Medellín skyline
An early-evening view of the Medellin skyline

These rolling stones are gathering too much moss! Later this year we’re packing up and moving a bit further south to Medellín, Colombia. It’s a decision that’s been several months in the making, and our 12-day trip in late June sealed the deal. Although we’d been there twice before, this time we wanted to experience the city as residents rather than tourists. That meant staying in three different neighborhoods and spending a lot of time just walking around to get a feel for what life might be like in each.

Public Art Laureles Medellin
John and his new Laureles friend, who is way too “Type A” for this mellow neighborhood!

We’re already fielding quite a few questions from friends and family about this move, and some folks are scratching their heads a bit. So here are some Qs and As:

We thought you loved living in Boquete and Panama! Why are you moving?
We do love living in Boquete. We’ve made wonderful friends here and had unforgettable experiences. But deep down we never expected to be here long-term, and after three years we’ve got the bug for a new adventure. It’s actually par for the course for us, since the longest we’ve stayed in one place over our 21-year marriage is the six years we spent in Portland, Oregon. New vistas await!

Two more huge drivers for us are the high quality and low cost of healthcare in Colombia, and the overall lower cost of living. Here’s an important data point: Colombia’s healthcare system has been ranked 22 by the World Health Organization, ahead of both the U.S. and Canada in terms of affordability, quality, and accessibility. We’ll be writing a lot more about that later, and we have two great anecdotes of friends who have had outstanding experiences with the healthcare in Medellin.

But isn’t Colombia dangerous? And Medellín especially?
If the show “Narcos” is your only exposure to Colombia and you’re still under the impression that Medellín is overrun by drug cartels and violence, it’s time to update your thinking. In the 25 years since a certain infamous drug lord (we don’t like to say his name, especially in the presence of Colombians) was finally killed on a rooftop, the city has worked hard to transform itself. Medellín is now clean, modern, and safe, and has one of the best public transportation networks we’ve ever experienced. We wrote extensively about the transformation in these two posts from our first visit in 2016:

Medellín: A Miracle City

Electric Stairs and Public Art: Building Community in Medellin

Are there a lot of other expats in Medellín?

Geneva Camerata in Medellin
We were lucky enough to attend a performance of the Geneva Camerata, a chamber music ensemble from Switzerland

Yes and no. El Poblado, the most exclusive area, has a rapidly growing nucleus of expats, but there are relatively few North Americans and many are younger “digital nomads” rather than retirees. The other neighborhoods have much smaller concentrations of extrañeros, and – frankly – that’s exactly what we’re looking for. We want to be immersed in the culture and forced to improve our Spanish. We want to make Colombian friends. This is the cultural experience we signed up for when we decided to move to Panama, but it hasn’t really come to fruition during our time in Boquete.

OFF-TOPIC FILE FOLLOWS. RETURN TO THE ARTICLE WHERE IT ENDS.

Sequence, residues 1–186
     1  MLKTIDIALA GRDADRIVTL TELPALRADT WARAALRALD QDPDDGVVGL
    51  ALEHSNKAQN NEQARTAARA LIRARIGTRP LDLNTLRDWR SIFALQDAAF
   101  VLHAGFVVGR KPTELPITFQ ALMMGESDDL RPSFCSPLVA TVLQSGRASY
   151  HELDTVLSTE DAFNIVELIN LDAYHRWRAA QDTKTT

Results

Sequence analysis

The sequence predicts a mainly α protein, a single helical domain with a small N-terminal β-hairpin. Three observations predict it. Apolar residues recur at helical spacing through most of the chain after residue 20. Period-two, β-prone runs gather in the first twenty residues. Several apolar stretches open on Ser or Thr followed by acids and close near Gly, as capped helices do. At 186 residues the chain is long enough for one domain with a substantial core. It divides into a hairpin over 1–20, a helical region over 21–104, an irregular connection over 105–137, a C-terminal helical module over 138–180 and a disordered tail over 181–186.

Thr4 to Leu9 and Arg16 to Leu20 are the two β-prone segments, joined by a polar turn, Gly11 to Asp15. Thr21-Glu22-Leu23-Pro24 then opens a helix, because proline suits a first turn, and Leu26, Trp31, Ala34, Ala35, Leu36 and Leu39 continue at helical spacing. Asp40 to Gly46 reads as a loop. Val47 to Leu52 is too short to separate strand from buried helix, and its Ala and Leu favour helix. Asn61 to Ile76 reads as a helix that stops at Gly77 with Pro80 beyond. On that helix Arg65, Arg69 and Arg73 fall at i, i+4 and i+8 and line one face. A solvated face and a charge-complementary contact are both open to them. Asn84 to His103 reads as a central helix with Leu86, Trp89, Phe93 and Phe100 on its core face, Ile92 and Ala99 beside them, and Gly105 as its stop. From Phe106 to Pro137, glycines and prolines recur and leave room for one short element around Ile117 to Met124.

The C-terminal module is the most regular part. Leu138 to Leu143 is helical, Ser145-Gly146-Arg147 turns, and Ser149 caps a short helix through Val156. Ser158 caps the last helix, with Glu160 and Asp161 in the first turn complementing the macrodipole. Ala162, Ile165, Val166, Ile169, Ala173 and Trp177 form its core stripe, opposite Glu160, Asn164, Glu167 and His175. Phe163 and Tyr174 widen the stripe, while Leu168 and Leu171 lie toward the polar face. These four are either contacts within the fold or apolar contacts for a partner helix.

Medellín is a really big city. Will you be happy there after small-town Boquete?
We can’t wait! We’ve both lived in big cities before and have missed the energy, the huge choice of restaurants, and the wide variety of entertainment options and cultural activities a city can offer. On this last trip, we were able to attend a large artisan crafts exposition and not one, but two outstanding classical music performances in Medellín’s Teatro Metropolitano. Heavenly!

Medellin Expoartisanos
Colorful local folk art on display at the Medellin Expoartisanos

What are the downsides?
Since Medellín lies in a deep river valley surrounded by mountains, the air pollution can be quite bad at times. Traffic can also be brutal, especially at rush hour, but not so much so in our chosen neighborhood of Laureles. The city is trying to come to terms with this through programs such as Pico y Placa, in which drivers with certain license plate numbers are forbidden to use their vehicles on certain days of the month. Honestly, these are the only negatives we can come up with.

What about your dogs?
Of course Rosie and Tango are coming with us. One of the things we love most about Medellín is its pet culture. Dogs and cats are cherished members of the family there, and every day we saw countless pampered pets out and about

IvyLaureles Medellin
IvyLaureles, a brand-new apartment building that will be our landing pad in Medellín

with their owners. Dog parks abound, it’s OK to take pups into many restaurants and shopping malls, and there are combo vet/pet stores on almost every block. And it’s very hard to find dog poop left anywhere – people actually pick up after their pets! Imagine that.

Where will you live? 
After spending time in three different areas – Sabaneta, Envigado, and Laureles – we’ve chosen Laureles as our first landing site. It’s one of Medellin’s largest barrios, but it has a wonderfully European feel and is extremely walkable, with quiet leafy streets, large parks, and more restaurants than we’ll ever possibly be able to visit in one lifetime. After only a day in Laureles we knew it was exactly what we were looking for. Then we chanced into a great temporary rental, a furnished two-bedroom apartment that allows pets. We’ll be there for a couple of months to get our bearings and find a more permanent rental.

Laureles Street View
Street view from the IvyLaureles apartment

What will you do with your house in Boquete?
We’ve always planned to rent our house, but now we’ve decided to put it on the market for a couple of months and see if it sells. If not, we’ll fall back to renting it. Watch this blog for more info about our house soon!